The myth of deregulation's consumer benefits

Airline merger

A US Airways plane is parked between two American Airlines planes at Dallas-Fort Worth International Airport. The two airlines merged last month. (Tom Fox / McClatchy-Tribune)

The question is whether all these mergers will finally provide the last carriers standing with more latitude to jack up prices. A decade ago, travelers could choose from 10 major airlines. Now they have fewer than half that number.

"The benefits of deregulation are short- to intermediate-term generally for any industry," said James Shaw, a professor of business economics at the University of San Francisco.

"A burst of competition and innovation occurs in the short run, and prices fall," he said. "Consolidation of market players then produces price stability through resultant diminished competition."

And after that?

"Higher market share, via reduced number of market participants, then promotes higher prices," Shaw said.

That's the scenario that's played out time and time again.

Philip Romero, a professor of finance at the University of Oregon and onetime chief economist for former California Gov. Pete Wilson, said officials shouldn't be shy about taking the regulatory shackles off businesses.

"Price deregulation is almost always a good idea," he said, "as long as you have a decent number of market players to ensure competition."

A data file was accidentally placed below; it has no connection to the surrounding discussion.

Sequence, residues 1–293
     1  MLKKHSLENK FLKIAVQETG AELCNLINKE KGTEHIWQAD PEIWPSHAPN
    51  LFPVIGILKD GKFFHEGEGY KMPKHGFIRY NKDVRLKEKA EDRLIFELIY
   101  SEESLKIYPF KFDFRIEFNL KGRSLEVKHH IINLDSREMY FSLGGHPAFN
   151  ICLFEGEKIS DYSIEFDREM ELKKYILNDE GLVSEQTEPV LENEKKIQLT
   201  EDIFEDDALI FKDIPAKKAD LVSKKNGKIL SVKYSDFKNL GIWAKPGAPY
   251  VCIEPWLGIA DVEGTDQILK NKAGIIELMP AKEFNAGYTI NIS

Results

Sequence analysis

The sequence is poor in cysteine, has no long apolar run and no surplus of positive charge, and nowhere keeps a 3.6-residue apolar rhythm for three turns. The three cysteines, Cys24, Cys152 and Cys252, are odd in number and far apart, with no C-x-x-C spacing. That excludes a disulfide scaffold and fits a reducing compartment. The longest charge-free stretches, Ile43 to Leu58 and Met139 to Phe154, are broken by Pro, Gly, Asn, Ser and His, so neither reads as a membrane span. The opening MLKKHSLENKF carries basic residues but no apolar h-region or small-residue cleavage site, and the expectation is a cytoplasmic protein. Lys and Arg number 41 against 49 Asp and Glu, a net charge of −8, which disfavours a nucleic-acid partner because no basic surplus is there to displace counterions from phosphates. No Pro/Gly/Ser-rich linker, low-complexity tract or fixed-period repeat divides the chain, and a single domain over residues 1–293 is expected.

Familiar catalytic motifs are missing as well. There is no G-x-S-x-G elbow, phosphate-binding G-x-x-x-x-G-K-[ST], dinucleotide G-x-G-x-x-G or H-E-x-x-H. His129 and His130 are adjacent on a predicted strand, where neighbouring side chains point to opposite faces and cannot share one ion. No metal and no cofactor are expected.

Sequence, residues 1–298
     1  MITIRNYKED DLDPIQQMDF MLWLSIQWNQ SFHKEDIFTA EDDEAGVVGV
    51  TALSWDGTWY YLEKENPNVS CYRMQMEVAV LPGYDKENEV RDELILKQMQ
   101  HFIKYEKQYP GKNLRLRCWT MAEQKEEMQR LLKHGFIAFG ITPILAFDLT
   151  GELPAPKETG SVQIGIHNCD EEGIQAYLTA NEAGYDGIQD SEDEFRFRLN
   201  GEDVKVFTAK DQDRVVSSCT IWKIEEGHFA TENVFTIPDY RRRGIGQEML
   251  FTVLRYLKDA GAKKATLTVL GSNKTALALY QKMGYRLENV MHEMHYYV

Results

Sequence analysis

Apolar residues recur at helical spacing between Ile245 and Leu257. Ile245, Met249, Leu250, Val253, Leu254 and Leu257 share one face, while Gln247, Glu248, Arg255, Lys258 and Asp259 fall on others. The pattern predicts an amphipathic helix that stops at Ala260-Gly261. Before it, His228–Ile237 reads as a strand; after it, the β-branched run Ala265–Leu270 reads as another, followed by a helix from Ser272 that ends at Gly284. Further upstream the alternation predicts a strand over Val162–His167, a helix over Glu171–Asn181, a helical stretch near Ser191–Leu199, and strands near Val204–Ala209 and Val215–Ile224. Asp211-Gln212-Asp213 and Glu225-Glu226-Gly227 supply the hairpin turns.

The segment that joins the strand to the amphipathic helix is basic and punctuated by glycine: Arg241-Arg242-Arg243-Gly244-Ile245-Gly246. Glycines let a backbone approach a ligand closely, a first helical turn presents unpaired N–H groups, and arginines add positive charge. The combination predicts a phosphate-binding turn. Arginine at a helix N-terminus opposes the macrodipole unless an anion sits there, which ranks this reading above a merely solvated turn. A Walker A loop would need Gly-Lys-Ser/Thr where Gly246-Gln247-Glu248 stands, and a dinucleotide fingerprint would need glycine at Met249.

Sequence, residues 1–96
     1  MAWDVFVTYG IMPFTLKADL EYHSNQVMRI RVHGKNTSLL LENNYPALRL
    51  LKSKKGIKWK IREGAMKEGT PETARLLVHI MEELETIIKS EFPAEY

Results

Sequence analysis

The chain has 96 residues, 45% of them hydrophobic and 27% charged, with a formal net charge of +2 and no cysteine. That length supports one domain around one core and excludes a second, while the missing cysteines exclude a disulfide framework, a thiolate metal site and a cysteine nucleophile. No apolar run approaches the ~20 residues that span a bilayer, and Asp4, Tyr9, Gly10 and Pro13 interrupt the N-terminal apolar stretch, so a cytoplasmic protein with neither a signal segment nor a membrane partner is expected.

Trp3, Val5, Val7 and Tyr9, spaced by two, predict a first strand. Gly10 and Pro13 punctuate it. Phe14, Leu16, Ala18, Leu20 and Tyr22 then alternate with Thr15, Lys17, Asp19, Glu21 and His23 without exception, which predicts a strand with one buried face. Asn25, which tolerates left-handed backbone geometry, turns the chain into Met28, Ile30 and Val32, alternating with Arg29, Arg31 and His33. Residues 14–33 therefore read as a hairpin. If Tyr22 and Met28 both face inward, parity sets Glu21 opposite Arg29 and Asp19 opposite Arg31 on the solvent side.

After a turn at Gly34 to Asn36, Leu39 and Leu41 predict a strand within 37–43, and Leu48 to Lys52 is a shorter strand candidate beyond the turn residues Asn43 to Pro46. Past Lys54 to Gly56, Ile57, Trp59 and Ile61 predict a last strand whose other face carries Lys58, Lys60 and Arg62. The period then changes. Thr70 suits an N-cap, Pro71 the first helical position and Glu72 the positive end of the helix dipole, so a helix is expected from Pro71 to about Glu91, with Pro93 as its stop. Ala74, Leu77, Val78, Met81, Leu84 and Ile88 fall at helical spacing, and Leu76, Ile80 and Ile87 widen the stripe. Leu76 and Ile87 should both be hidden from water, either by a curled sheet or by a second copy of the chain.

There's the rub. Over the long haul, the benefits of deregulation increasingly belong to companies.

"They respond to deregulation by buying each other up and restoring the same lack of competition that existed before deregulation," Romero said.

"The answer for government," he said, "is to deregulate but to be much more aggressive on the antitrust side of things."

In other words, unleash all those wonderful market forces that can come with allowing businesses to run with the ball, but draw the line when, as always seems to happen, businesses run instead into one another's arms.

Unless your idea of a healthy market is to have just two major phone companies, or two major cable companies, or two major airlines. Or fewer.

David Lazarus' column runs Tuesdays and Fridays. He also can be seen daily on KTLA-TV Channel 5 and followed on Twitter @Davidlaz. Send your tips or feedback to

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